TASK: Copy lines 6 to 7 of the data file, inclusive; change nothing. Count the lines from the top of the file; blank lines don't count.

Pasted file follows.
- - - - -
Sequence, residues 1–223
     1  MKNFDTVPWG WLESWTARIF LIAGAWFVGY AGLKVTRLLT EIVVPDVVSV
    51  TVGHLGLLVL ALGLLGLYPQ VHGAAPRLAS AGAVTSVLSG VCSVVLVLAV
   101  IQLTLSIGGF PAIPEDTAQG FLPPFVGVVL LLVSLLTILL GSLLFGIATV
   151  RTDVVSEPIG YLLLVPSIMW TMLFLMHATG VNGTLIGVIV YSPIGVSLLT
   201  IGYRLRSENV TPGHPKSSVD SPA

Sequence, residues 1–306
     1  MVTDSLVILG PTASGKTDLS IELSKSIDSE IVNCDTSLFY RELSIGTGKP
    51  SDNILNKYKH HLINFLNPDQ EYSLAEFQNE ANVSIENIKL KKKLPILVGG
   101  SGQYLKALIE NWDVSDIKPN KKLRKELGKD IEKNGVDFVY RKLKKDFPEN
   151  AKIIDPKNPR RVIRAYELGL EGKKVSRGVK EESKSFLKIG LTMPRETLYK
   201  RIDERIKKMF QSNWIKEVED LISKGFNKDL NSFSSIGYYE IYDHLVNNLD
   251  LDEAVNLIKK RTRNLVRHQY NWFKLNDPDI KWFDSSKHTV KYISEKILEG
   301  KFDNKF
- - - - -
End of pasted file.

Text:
   201  IGYRLRSENV TPGHPKSSVD SPA

Sequence, residues 1–306